International Summit on the Teaching Profession

2312-7090 (online)
2312-7082 (print)
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The International Summit on the Teaching Profession brings together education ministers, union leaders and other teacher leaders from high-performing and rapidly improving education systems to review how best to improve the quality of teachers, teaching and learning. Each year, Summit organisers produce a report on the state of the profession that is used as a springboard for discussions. This series is a collection of those reports.

Teaching Excellence through Professional Learning and Policy Reform

Teaching Excellence through Professional Learning and Policy Reform

Lessons from around the World You do not have access to this content

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Andreas Schleicher
22 Feb 2016
9789264252059 (PDF) ;9789264252042(print)

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If the quality of an education system can never exceed the quality of its teachers, then countries need to do all they can to build a high-quality teaching force. Teaching Excellence through Professional Learning and Policy Reform: Lessons from around the World, the background report to the sixth International Summit on the Teaching Profession, describes the knowledge, skills and character qualities common to the most effective teachers. It examines the education policies and practices that help teachers to acquire these tools, including through induction and mentoring programmes, ongoing professional development activities, student assessments, and collaboration with colleagues. The publication also discusses the importance of involving all stakeholders – especially teachers – in the process of education reform.

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  • Foreword

    The skills that students need to contribute effectively to society are changing constantly, but school systems are not keeping up. Most schools look much the same today as they did a generation ago, and many teachers feel insufficiently prepared to develop the practices and skills required to meet the diverse needs of today’s learners.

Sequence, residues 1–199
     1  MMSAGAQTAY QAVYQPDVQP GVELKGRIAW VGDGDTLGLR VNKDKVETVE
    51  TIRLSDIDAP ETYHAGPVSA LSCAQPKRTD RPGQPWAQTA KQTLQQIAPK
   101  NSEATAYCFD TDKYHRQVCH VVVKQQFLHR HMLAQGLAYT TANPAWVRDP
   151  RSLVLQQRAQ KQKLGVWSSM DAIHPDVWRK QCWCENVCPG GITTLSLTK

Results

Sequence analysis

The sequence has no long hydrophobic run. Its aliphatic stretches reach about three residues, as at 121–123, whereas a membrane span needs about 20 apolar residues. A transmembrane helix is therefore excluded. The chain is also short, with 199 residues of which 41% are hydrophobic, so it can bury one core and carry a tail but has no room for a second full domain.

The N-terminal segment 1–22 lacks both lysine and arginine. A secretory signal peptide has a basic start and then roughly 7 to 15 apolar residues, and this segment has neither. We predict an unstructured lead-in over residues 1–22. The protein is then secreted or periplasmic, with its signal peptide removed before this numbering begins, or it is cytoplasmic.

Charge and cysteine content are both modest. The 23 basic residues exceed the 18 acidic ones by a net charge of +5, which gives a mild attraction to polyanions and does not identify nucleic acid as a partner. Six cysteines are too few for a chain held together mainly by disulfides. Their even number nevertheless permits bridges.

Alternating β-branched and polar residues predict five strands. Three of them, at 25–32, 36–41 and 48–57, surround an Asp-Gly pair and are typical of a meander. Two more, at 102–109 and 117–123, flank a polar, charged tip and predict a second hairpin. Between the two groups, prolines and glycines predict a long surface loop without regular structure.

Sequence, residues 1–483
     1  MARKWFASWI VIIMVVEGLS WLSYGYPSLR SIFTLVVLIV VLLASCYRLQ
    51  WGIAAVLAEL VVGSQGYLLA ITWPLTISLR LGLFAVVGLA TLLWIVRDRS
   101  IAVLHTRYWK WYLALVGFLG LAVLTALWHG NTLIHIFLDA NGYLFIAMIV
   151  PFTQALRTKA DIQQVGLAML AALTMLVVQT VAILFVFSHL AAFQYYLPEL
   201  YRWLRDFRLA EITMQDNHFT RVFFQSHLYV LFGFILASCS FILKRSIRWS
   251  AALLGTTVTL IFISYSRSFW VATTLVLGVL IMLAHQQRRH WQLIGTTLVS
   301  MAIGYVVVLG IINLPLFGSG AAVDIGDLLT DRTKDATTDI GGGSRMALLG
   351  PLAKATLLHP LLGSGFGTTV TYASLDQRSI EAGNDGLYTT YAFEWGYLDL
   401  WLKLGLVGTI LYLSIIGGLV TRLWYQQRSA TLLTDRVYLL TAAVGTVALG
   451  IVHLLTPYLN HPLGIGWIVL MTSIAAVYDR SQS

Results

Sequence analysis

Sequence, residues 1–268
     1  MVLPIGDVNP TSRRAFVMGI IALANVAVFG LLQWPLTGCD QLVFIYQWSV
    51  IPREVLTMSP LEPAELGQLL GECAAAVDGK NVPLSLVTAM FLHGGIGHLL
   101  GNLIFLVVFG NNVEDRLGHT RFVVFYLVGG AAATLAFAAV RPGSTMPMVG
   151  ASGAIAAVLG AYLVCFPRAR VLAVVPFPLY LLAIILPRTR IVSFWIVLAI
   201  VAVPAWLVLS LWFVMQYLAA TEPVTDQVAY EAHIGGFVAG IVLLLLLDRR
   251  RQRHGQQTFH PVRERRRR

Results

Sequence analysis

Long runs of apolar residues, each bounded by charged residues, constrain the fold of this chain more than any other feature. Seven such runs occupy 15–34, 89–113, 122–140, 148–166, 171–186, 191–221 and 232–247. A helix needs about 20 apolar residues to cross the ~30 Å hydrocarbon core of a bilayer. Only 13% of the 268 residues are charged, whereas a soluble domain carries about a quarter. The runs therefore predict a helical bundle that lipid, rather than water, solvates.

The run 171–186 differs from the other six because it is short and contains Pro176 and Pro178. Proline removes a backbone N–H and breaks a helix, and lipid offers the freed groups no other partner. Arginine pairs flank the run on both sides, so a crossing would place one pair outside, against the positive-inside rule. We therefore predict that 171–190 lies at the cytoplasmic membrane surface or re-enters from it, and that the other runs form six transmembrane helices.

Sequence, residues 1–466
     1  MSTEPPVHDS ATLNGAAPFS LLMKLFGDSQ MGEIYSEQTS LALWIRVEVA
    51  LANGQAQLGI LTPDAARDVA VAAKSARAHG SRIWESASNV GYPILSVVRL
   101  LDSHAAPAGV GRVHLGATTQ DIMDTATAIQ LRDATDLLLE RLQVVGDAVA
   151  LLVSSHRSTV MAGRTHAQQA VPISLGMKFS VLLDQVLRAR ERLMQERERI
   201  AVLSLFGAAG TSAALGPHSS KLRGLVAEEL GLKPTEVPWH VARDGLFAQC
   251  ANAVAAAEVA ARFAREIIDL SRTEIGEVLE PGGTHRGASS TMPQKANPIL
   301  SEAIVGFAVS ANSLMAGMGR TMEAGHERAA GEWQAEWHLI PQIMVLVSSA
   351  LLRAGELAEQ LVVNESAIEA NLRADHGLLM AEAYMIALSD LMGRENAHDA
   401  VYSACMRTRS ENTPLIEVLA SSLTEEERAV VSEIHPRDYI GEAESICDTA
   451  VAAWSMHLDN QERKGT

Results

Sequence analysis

• Executive Summary

    Today’s teachers need to prepare students for jobs that have not yet been created, to use technologies that have not yet been invented, and to solve social problems that haven’t arisen before. Teachers have to do more than transmit educational content: they have to cultivate students’ ability to be creative, think critically, solve problems and make decisions; they have to help students work better together, by developing their ability to communicate and collaborate; they have to build students’ capacity to recognise and exploit the potential of new technologies; and they have to nurture the character qualities that help people to live and work together.

  • What knowledge, skills and character qualities do successful teachers require?

    The demands on student learning in the 21st century have profound implications for teachers and teaching. In addition to continuously updating their own knowledge of the subjects they teach, teachers are expected to work with multicultural classes, integrate students with special needs, be "assessment literate", work and plan in teams, assume some leadership roles and provide professional advice to parents, among other tasks. This chapter defines some of the knowledge, skills and character attributes required for effective teaching, including content and pedagogic knowledge, communication and organisational skills, and self-efficacy and motivation.

  • What policies can help teachers acquire the knowledge and skills they need?

    This chapter defines teacher professionalism, and describes some of the policies and practices that help develop and enhance it. These include fostering a collaborative culture in schools, providing induction programmes and peer mentoring, focusing on student assessment, strengthening the links between teacher appraisal and professional development, involving teachers in developing professional standards, and engaging teachers in education reform. The chapter highlights examples of effective policies and practices from around the world.

  • What can governments do to implement education policies effectively?

    Education reform will not happen unless educators endorse and implement it. This chapter discusses some of the actions that could help turn policies into practice, including acknowledging divergent views and interests, communicating the rationale for reform, fostering consensus, engaging stakeholders – including teachers – in designing and implementing policies, ensuring there is sufficient capacity and resources, and building partnerships with education unions to design and implement the reforms. The chapter presents examples of related initiatives from around the world.

  • Professional teachers, successful reforms

    This chapter summarises the key skills and attributes of 21st-century teachers, the most effective ways to develop teacher professionalism, and how best to design and implement education reform.

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